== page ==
Mon Oncle (1958)

“I am not at all against modern architecture but I believe it should come with not only a building but also a living permit.”

‘Mon Oncle’, my second Jacques Tati movie from 1958, like ‘Les Vacances de Monsieur Hulot’ follows the adventures of Tati’s bumbling man-child as he fails to engage with modern life. In this movie, his failure is made all the more pronounced as it focuses on the minimalist, consumerist domestic culture and on the mechanisation of factory work. It’s a series of sketches with linking themes. It’s a film in which adult characters move in straight lines or follow concrete paths, live in soulless, empty boxes whilst around them agents of chaos: dogs, children, the elderly and, most chaotic of all, Hulot, confuse and confound their ordered lives. Tati is a master of physical comedy but also, as the director, organises his movie and the look of his movie literally with mathematical precision. Like Chaplin in ‘Modern Times’, the central character becomes the spanner in the machine that ultimately liberates through destruction. Highlights are the tour-de-force dinner party in a minimalist garden during which Hulot slowly and obliviously dismantles the ordered details of the set, also the scenes of Hulot in the hose making managing to turn the rubber hose into something resembling a string of sausages. The film is packed with joyous, innocently childlike moments that lift the monotony of the social satire and really tap into a tension in the 1950s between embracing and fearing the future. It’s a film full of characters who have created space for themselves with time-saving modern devices and then discover that there is nothing to do with that time.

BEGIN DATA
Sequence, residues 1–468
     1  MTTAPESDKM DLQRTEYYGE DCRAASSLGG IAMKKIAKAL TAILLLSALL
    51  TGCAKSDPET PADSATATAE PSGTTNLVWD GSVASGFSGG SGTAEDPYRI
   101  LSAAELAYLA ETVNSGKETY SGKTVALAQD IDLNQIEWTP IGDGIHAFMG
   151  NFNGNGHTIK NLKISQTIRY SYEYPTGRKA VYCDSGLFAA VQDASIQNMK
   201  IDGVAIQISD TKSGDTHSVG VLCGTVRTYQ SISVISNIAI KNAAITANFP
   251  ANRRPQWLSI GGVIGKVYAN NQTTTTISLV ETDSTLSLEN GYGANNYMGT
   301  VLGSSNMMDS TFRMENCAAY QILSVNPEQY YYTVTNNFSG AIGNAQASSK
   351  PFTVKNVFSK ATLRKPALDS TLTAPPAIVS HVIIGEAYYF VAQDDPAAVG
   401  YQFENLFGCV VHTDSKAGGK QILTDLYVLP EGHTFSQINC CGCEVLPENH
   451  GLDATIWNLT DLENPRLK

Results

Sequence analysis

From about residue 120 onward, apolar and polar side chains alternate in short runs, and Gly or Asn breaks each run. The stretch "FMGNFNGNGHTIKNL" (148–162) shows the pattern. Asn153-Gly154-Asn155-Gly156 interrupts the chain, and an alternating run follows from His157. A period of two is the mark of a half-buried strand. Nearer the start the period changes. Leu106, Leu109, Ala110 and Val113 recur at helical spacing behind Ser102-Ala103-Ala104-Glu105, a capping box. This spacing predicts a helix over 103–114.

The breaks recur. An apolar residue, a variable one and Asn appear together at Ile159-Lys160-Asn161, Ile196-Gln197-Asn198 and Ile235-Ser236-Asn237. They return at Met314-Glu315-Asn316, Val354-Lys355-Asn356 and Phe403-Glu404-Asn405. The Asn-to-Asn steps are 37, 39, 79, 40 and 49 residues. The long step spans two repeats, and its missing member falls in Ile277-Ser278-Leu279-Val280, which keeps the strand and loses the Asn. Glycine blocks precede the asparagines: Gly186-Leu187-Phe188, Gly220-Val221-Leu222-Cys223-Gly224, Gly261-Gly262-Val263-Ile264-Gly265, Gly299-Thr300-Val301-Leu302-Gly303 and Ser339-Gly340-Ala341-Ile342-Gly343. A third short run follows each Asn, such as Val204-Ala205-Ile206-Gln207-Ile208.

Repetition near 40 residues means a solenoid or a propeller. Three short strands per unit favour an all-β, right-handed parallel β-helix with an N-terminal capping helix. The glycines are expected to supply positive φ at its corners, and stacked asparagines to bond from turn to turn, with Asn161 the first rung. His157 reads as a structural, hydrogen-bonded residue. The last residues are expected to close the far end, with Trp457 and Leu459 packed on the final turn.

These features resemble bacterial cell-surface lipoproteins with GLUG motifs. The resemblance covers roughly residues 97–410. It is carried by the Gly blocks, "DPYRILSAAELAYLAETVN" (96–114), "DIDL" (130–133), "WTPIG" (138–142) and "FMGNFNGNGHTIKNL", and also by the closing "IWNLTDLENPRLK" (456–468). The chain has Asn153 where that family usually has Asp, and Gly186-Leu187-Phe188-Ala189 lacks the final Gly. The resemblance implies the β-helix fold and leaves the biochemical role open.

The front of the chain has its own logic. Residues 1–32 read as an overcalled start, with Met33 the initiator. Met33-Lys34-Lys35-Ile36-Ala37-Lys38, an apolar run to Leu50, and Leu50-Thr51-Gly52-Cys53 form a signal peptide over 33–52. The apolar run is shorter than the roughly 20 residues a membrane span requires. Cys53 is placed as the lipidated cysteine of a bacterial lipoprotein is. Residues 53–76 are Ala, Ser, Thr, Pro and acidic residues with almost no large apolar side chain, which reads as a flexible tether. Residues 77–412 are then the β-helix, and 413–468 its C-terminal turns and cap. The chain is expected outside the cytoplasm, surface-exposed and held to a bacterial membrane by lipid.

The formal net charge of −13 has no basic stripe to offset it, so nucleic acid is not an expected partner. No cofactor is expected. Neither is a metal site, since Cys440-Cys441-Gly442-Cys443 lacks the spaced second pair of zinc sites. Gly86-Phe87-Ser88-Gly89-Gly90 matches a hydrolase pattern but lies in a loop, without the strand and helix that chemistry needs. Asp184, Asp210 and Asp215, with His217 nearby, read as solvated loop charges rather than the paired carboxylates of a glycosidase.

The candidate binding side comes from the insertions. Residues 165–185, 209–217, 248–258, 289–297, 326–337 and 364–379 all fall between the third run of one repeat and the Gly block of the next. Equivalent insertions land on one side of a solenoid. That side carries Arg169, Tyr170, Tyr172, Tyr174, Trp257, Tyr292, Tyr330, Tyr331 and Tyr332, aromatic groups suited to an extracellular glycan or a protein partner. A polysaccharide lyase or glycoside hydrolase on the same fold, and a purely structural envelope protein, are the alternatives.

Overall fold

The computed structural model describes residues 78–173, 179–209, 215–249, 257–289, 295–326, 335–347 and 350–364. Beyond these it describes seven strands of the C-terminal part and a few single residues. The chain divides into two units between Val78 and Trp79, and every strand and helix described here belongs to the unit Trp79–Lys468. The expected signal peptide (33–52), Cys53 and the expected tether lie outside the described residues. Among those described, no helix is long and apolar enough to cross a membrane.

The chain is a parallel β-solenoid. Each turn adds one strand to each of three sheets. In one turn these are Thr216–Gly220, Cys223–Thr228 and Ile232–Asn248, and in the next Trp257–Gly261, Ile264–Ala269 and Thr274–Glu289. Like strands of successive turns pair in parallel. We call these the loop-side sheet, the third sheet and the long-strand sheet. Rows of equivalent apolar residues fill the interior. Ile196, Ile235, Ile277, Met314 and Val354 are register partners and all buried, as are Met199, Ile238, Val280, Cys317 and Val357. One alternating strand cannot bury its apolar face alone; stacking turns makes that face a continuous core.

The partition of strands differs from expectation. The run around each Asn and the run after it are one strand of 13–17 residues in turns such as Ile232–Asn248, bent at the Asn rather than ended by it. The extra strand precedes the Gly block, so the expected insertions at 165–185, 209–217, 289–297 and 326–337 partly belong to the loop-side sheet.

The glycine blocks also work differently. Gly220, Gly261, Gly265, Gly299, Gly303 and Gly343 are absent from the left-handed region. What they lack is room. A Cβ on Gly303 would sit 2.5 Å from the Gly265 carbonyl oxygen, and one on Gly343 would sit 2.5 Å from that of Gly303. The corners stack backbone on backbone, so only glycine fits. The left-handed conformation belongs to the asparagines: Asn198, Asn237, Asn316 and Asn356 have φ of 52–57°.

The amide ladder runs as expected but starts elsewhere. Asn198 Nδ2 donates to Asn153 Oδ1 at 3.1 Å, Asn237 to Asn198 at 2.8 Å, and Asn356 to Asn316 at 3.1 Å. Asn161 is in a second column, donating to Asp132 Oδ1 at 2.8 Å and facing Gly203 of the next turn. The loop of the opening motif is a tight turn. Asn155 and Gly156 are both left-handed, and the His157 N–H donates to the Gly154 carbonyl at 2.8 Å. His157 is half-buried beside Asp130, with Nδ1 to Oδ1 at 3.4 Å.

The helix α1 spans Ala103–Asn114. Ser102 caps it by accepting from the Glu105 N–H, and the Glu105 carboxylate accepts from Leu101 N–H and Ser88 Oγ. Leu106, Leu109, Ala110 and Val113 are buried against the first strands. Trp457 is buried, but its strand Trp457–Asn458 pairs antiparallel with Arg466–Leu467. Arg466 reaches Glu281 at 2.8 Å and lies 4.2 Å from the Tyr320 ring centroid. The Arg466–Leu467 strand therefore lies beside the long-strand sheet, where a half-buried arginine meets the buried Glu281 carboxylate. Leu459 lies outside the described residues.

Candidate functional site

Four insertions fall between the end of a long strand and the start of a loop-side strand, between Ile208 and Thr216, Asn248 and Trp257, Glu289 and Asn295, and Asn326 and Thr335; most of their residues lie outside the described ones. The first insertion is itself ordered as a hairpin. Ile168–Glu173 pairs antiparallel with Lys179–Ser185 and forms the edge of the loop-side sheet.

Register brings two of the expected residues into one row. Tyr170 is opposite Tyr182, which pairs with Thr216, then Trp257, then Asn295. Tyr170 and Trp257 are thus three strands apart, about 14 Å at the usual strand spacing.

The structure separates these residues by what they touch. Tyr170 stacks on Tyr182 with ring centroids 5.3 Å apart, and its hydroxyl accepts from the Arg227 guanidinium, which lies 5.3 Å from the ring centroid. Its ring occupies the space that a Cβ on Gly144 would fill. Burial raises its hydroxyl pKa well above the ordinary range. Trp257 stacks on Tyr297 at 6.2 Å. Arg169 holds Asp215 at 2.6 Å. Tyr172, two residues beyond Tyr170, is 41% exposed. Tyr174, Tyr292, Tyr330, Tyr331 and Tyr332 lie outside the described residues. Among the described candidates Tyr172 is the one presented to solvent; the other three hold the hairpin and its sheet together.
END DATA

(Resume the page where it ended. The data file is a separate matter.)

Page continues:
Would I recommend it? Of course – with ‘Modern Times’ it gives an excellent double bill.


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